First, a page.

Recently I posted a portion of a discussion I had in the Choosing Hats chat room with a (somewhat) regular visitor. This visitor was discussing the Cosmological Argument (well, at least one formulation of it) with me, and I was attempting to demonstrate for them how what they were presenting failed miserably as an argument for the existence of God. This post has generated a few responses – some in the context of comments, some in the context of posts on other sites. For the sake of context, here is a snippet from the conversation where I took the atheist in question to task over his assertions:
brilliant_atheist: i accepted the cosmological argument
brilliant_atheist: but I deny that it points to something alive
BKing it is a terrible argument
brilliant_atheist: because the universe needs a cause
brilliant_atheist: because it exists
BKing so everything that exists requires a cause?
Now, although there is more than one formulation of the Cosmo argument, I responded to that which the atheist in question was presenting to me and nothing more. Of course, there are other formulations (some would say “better”) of the Cosmo argument out there, which is what I will respond to in this post.
Rather than saying “that which exists requires a cause”, the “better” formulation apparently says something akin to “that which comes into existence requires a cause”. One could question even this premise, of course, but for the sake of discussion I will grant it. However, does this formulation get us any closer to the existence of God? Does tweaking the argument to avoid an infinite regress of causes place us any closer to the conclusion “God exists”? I don’t believe it does.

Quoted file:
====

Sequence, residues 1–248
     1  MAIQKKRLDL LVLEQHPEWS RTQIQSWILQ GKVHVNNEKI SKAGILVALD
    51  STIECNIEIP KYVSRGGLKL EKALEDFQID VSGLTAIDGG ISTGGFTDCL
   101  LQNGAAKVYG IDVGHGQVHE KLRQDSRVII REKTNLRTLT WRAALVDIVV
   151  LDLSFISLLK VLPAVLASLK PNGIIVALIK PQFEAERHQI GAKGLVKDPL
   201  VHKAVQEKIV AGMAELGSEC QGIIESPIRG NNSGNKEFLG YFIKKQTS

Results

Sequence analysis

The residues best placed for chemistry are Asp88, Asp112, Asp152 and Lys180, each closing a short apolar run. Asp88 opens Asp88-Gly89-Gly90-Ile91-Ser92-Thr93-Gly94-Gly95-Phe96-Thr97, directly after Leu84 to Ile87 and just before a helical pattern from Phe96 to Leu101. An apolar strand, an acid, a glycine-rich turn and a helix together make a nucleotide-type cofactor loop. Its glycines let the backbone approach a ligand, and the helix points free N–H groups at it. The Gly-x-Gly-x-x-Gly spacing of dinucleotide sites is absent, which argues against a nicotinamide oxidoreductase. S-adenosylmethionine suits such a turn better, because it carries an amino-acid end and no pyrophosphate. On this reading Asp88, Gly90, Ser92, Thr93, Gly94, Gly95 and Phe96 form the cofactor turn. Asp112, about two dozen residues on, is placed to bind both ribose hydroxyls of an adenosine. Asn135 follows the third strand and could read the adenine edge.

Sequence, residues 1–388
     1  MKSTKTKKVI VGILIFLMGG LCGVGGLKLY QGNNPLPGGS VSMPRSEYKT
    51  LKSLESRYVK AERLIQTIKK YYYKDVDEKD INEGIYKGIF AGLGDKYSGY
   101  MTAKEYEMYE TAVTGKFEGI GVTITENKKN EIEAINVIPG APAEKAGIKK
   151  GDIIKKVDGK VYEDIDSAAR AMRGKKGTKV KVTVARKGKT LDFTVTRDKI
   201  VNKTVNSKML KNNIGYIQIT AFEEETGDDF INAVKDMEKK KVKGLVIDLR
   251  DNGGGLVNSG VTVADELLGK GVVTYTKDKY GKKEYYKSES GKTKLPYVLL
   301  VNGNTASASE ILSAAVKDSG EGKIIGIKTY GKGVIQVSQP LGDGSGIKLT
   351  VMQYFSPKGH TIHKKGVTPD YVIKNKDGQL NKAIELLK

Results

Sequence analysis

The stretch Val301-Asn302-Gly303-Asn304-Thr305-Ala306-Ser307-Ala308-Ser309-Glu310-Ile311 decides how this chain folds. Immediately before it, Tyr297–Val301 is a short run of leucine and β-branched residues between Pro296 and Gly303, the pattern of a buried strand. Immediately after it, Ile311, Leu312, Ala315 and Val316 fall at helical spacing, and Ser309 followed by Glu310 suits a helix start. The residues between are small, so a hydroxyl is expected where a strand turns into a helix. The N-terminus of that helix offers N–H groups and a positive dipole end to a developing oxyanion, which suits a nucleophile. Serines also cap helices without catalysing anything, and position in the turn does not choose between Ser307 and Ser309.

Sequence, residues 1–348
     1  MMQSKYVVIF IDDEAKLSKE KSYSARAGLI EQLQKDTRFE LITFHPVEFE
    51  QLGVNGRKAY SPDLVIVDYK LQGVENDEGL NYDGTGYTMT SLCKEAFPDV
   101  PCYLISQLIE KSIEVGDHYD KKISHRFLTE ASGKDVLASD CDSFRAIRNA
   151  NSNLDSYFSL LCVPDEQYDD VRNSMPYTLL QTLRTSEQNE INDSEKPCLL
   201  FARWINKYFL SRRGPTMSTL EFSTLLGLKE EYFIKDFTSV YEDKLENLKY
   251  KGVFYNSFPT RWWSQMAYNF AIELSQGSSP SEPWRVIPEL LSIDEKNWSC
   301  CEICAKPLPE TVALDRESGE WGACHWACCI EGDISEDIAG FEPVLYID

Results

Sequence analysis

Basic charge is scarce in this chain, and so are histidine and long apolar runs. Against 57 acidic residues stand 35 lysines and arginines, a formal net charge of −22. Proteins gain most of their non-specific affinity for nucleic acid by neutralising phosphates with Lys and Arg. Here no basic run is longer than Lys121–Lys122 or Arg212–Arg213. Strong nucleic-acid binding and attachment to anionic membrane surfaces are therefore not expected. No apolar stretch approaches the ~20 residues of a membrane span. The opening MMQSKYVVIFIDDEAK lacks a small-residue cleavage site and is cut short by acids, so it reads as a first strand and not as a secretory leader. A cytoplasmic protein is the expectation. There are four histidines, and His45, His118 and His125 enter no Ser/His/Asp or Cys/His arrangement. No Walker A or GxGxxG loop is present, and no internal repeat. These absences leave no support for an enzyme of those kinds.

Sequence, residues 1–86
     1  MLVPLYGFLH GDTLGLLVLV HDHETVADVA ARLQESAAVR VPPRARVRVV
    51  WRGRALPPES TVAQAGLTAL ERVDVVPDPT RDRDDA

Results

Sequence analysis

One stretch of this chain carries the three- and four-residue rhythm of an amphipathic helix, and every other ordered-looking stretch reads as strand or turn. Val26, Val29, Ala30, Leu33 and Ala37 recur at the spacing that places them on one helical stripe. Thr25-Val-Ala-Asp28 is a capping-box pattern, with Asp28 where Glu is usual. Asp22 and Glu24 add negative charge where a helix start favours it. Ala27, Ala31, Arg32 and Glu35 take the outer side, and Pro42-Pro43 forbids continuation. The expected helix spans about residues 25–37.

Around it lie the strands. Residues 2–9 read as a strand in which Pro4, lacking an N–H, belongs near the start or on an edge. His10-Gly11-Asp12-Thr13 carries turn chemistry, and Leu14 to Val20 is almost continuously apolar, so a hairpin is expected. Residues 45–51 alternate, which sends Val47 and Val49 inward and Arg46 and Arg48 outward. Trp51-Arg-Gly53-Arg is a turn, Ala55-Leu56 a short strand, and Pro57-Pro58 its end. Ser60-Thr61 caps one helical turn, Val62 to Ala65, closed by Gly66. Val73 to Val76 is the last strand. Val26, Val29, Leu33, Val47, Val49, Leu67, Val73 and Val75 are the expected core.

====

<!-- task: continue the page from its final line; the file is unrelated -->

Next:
All this tweaking gets us is an uncaused cause. If the universe is the first thing which came into existence, and if that which comes into existence requires a cause, then the universe was necessarily caused by this first, uncaused cause. But what could be the cause of the universe?
Some would take a leap and state that “this cause is God”, but such a leap is unwarranted. There is nothing in the premises of the argument that necessarily leads to the conclusion that the cause of the universe is God. All that is implied by the premises of the argument is that there is something in existence that was not caused, that is able to cause the universe (i.e. is a sufficient cause) to come into existence, and actually did cause it to come into existence.
For that matter, there is nothing in the premises of the argument that necessarily leads to the conclusion that the cause, whatever it is, is even singular. It could be two beings, working as a team – call them “Thing 1” and “Thing 2” for convenience sake. Why wouldn’t their existence as uncaused causes be sufficient, given the way the “better” argument has been reformulated for our consideration?